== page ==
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    Something I love about SE Asia is that even on the backroads you’re rarely more than a few minutes from a mechanic, and it hardly costs anything to fix anything. It’s worth going to a mechanic even for little things like a chain adjustment and lube, oil change, tire puncture, etc, because they do a great job in half the time and you don’t even have to get your hands dirty. We bring tools and tire irons, but rarely use them here.

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    About 40km south of where we are now, we popped out on the main paved road and pulled into Boun Neua just before dark and found this big Brand new Chinese hotel for $20 with an Alaskan King bed (way bigger than a normal King), a whirlpool tub, and even an elevator! The hotel is eerily empty. I’m guessing they rely on Chinese business customers coming through for infrastructure projects (like the dam), but with the border now closed due to the virus, we have the whole place to ourselves.

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    The Chinese food dinner was epic, and ample.

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    When Ash wakes up in a bit, we’ll head up into the hills again. We’re hoping to use the bikes to visit some of the more remote villages up there today and tomorrow.
    #30
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  11. Mofrid

    Mofrid Been here awhile Supporter

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    There is a lot of love out there for you guys!!
    Thanks
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  12. RedDogAlberta

    RedDogAlberta High Plains Drifter

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    ^^^^^ Agreed. Ride safe and be aware of this newly named COVID-19 (by the World Health Organization).
    #32
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  13. Sideoff

    Sideoff Been here awhile

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    Waking up this morning in Phongsali.

    Leaving Boun Nuea we headed into the hills as planned yesterday on a twisty paved road. It rained the night before, so the road was wet, and the surface slippery with diesel and oil. I dragged a foot on the pavement and when I put it back on the peg it was all oily and sliding around. So we knew it was sketchy and were going slow.

    I came around a turn that looked dry and sticky by comparison to the others. I was still going slow (~20 mph) but not slow enough. The bike went down and I slid maybe 30 feet with my left foot trapped under the bike, twisting it up pretty bad. Afterward we checked out the start of the slide and there was a distinct, very slippery patch where it started.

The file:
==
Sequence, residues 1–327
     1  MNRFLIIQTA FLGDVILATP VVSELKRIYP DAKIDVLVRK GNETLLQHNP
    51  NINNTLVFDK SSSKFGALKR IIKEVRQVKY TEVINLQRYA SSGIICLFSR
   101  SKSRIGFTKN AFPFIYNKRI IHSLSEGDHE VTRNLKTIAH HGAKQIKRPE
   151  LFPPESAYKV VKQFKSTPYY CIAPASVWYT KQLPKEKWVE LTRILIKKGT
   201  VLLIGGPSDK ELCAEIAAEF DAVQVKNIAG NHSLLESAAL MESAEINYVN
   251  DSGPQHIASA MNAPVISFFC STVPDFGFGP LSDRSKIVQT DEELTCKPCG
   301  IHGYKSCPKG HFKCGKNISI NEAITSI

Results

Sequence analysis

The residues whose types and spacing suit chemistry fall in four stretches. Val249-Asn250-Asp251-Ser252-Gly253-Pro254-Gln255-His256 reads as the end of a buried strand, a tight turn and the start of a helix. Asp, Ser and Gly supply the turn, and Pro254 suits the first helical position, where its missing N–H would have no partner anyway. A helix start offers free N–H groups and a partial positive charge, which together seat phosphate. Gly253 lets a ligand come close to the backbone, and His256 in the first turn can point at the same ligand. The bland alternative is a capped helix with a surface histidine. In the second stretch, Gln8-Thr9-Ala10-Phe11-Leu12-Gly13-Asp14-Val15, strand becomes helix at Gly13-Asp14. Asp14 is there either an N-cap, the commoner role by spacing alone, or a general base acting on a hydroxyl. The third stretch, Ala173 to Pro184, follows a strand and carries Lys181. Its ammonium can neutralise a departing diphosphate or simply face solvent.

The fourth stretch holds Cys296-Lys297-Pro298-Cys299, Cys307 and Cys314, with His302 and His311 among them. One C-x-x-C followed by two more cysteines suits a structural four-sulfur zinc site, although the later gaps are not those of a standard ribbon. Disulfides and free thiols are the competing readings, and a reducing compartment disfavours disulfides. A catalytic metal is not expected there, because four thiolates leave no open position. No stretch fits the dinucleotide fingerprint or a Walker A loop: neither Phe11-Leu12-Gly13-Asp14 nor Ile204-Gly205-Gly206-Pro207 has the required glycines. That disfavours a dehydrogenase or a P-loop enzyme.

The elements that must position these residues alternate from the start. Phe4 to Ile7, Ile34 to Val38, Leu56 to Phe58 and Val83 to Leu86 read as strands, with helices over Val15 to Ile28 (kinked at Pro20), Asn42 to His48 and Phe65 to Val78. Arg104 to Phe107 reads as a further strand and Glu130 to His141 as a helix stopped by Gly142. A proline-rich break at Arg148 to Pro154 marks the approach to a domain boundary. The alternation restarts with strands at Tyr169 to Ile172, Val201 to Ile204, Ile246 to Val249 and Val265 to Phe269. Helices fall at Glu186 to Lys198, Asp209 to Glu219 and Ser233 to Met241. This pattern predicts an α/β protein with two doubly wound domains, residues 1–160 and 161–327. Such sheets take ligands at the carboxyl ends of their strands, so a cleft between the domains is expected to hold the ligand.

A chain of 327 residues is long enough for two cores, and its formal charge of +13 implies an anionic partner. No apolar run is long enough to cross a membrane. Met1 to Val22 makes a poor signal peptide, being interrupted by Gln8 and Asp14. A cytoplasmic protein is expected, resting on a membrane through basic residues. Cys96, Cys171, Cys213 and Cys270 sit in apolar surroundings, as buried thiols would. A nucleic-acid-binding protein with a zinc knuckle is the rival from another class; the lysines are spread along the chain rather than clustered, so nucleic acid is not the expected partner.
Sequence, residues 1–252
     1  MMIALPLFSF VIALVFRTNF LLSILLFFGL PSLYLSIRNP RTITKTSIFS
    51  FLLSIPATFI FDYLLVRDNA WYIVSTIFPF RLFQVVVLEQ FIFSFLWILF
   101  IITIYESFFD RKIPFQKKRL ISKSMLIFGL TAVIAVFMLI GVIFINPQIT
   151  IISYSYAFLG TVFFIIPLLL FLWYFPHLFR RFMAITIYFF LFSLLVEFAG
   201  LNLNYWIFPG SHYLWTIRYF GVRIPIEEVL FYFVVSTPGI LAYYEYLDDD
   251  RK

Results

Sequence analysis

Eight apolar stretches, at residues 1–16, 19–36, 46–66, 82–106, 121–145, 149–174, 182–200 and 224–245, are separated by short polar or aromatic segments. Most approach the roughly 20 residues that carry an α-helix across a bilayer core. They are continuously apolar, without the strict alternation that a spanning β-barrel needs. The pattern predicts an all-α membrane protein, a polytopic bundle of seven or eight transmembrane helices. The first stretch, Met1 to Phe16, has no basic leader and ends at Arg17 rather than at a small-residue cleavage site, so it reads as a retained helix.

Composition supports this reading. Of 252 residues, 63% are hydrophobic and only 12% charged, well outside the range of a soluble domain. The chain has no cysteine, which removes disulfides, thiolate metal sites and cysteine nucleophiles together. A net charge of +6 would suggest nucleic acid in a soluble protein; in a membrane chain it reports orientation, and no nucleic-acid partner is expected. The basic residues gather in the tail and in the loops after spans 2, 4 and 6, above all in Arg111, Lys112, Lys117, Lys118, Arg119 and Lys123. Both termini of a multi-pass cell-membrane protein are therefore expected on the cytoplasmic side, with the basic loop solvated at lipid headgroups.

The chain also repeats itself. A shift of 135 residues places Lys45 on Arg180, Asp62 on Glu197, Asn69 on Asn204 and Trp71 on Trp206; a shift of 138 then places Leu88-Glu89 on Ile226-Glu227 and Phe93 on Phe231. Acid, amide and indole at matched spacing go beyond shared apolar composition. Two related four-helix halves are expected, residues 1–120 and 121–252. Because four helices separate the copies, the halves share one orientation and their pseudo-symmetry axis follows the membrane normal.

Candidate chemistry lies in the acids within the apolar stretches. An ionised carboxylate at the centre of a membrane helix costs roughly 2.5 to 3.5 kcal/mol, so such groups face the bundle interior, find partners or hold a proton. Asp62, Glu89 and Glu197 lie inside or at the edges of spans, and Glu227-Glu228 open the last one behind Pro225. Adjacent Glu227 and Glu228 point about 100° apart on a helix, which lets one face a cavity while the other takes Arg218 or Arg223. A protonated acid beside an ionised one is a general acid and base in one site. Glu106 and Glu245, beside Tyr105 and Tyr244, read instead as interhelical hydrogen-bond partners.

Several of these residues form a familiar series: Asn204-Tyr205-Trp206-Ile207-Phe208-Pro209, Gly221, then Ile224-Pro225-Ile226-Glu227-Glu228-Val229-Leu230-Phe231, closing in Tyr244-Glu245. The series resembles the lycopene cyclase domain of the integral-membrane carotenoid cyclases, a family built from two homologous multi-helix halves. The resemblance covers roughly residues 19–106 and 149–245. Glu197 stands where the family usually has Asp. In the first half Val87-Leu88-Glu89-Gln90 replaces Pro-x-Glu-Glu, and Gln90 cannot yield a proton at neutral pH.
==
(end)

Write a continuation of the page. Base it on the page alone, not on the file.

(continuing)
Here you can see the white line caused by the footpeg gouge. You can trace it back to the beginning, before where it turns white, near the apex of the turn. Ash saw the whole thing unfold. She has more pics, I was shaken up and only took this one.

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    The damage.

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    We continued to Phongsali, about 10 km more, and found a room to lay up for a bit. That’s where we are now. Ash found some ice and a bandage.

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    I settled in to see if it would get better or worse (still not sure). Ash stocked me up on snacks, then went to see if there were any local medical options. There’s a building marked ‘hospital,’ but no medical activity happening there. The room marked ‘ICU’ was being used for storage. No x ray machines or doctors or anything like that. The nearest hospital is 5-6 hours away in Oudomxay so we’ll probably head that direction at some point soon.

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    Further complicating things, Ash woke up with a cough yesterday that got worse through the day. By last night she had a fever too, and she still has it this morning. Not a bad one, 100.4 degrees, but definitely a fever. Plus runny nose, aches and pains, and all that. Given our location, the headlines, and the symptoms, it’d be hard not to reference the virus. More likely though, it’s a minor respiratory infection from all the dust.

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    So basically we’re just kind of a mess here in Phongsali this morning. I can barely walk, and Ash isn’t very motivated to get out of bed. We’ll see how the day unfolds.

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    #33
  14. borderlinebob

    borderlinebob Been here awhile